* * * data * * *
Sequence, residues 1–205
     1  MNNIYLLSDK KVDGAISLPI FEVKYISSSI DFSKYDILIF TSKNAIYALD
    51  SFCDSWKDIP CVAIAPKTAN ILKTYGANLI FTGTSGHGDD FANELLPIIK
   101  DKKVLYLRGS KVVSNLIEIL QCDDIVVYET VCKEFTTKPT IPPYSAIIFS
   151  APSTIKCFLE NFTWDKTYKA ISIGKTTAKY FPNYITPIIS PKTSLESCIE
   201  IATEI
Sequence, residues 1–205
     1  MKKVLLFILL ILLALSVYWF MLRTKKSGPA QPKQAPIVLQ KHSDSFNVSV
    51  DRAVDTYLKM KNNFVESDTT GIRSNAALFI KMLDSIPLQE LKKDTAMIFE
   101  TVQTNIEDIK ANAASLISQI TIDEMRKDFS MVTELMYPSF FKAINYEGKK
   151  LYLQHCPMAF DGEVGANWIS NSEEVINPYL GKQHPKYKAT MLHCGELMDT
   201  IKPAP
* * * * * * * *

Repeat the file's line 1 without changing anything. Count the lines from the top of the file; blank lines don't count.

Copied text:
Sequence, residues 1–205